How many physicians do you know who work 80 hours each week but still get to have dinner at home with their families almost every night? Probably not many, but Kevin Jones, MD, is one of them.
Jones is an orthopedic surgeon and scientist at the Huntsman Cancer Institute and Primary Children’s Medical Center at the University of Utah. He performs surgeries to remove bone and muscle cancers, and rebuild limbs in both children and adults. He also believes he has the best of all worlds.
“As a surgeon-scientist, I get the emotional return of patient care, the thrill of scientific discovery, and the flexibility to choose when I work the bulk of my hours,” Jones explains. “This allows me time with my family, as well as time to serve in my community and church.”
Not to mention, a seven-minute commute to work.
A father’s influence
Jones was born in the San Diego area, but grew up in the Midwest. That’s because his father, a physician who ran a family practice in southern California for nearly a decade, decided there was something missing. His desire to become a surgeon prompted a move to St. Louis and an orthopedic residency — and it taught Jones some very important life lessons.
“I think I learned two things from [my father’s] career,” Jones says. “Number one, that even in your mid-30s or early 40s, you can still change. If he could go back and do an orthopedic residency in the days when those things were pretty brutal, you can do anything. No matter what you’re doing, you don’t have to feel pinned down.”
The second lesson was his father’s love for his job — he often said he would do the job without getting paid.
“He was having so much fun at 70 that he was not envious of his (retired) friends playing golf,” Jones says. “So, I think that there’s no doubt watching how satisfied my father was with his career certainly impacted me.”
A story lover
Jones was an English major in college, and a lover of stories. Today he says that he doesn’t think there are any areas of medicine that are more dramatic or even melodramatic than taking care of young people with cancer.
“A 2- or 3-year-old gets [Acute Lymphoblastic Leukemia], and it’s a total tragedy for the parents, but the 2- or 3-year-old doesn’t really get what’s going on,” Jones explains. “You take a 15-year-old and not only do they get it and they understand that they’re staring death in the face to some extent, but then you have to work with them to make very life impacting decisions about what kind of surgery you’re going to do. Are you going to an amputation, or try to take out the bone and reconstruct it, and how is that going to limit their function afterward? Those kinds of conversations are intense, and I definitely was attracted to that.”
The entire physician-patient relationship is emotional as well. But Jones believes that, for whatever reason, he has developed the right temperament for the work that he does. He points to the relatively small group of physicians who do cancer-related orthopedic surgery and divides them into two categories: those who are cold, almost robotic, with patients; and those who are very empathetic and sometimes broken by that closeness.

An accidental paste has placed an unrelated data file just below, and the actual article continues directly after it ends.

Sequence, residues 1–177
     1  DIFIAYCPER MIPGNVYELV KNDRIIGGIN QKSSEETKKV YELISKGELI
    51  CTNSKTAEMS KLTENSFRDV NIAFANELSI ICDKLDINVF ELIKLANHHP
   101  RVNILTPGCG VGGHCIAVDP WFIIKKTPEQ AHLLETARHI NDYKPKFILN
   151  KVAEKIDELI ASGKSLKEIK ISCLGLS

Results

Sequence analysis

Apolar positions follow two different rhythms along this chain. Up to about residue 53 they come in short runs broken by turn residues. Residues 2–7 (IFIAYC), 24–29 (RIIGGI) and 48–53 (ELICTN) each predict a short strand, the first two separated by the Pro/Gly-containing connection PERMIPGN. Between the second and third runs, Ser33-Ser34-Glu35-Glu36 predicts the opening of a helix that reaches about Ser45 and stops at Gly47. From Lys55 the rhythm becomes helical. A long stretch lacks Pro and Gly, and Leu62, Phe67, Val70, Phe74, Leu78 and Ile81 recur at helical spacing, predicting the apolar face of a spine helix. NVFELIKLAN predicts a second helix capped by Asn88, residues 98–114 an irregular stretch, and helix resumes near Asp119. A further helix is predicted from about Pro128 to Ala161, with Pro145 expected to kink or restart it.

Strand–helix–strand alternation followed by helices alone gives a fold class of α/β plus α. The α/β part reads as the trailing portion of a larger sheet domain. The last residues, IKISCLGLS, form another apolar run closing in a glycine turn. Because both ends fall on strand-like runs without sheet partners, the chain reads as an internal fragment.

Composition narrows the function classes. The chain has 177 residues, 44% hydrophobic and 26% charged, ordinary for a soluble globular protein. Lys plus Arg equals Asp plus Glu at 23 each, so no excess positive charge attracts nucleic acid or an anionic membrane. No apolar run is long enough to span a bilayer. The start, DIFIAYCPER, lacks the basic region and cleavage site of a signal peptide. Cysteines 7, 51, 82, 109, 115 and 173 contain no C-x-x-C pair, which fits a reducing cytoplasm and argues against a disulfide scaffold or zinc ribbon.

And then there’s Jones’ approach.
“It’s not a great strength of character or resolve; it’s just personality. I can be very empathetic with my patients, I care deeply for them, I cry with about half of them when they’re going through these rotten experiences,” he says. “But somehow — maybe I’m just ADD enough or oblivious enough — but I go home and I still sleep at night. I know I didn’t give them these horrible experiences. I’m trying to partner with them. But I think somehow it works with the way my psyche is made up.”
Putting it on paper
Jones has just published a new book, What Doctors Cannot Tell You: Clarity, Confidence, and Uncertainty in Medicine (Tallow Book, $15.95). The book, he says, arose out of a growing sense that patients and physicians don’t speak the same language. And not only do they not speak the same language, they don’t think about things in the same way.
As an example, Jones points to the concept of ‘confidence.’ Every patient wants a physician who’s confident, who’s technically good, especially a surgeon, but often times that confidence becomes a bit of a show. In other words, it’s too easy for some physicians to turn on the charm, the confidence, rather than truly educating patients about their illness.
“I think that physicians can take a better role in educating patients about the salient points in any decision,” Jones says. “Too often, physicians can communicate more confidence than even they really have. Tell a patient to go home and everything is fine and [the illness] will never come back, and if it does, it can be devastating for the patient. I think that slight shift in tone is so prevalent in medicine, and that’s what this book is about.”
Preparing to cast off
Despite his busy schedule, Jones makes time for his family and his community. Hobbies, however, are another story.
“I had all these great hobbies when I went to medical school, and they basically disappeared,” he laughs. “I used to love fly fishing, and I haven’t been in about 14 years. My values have changed, and I think that my kids sort of became my focus. So any time I am not at work, I want to be doing something with them. But when they’re old enough to fly fish, I’m going to fly fish with them.”
Jones admits that he is spoiled by his seven-minute drive (without a stoplight) to work. When he plotted his career post residency, he only considered faculty positions at university medical centers that were located in neither unsafe nor exorbitantly expensive urban centers.
“That may have limited my options significantly, but no one with the view of the mountains from my office could possibly complain,” he says.
Ed Rabinowitz recently wrote One More Dance, a book about one family's courageous battle against time and glioblastoma brain cancer. Read more about the book here.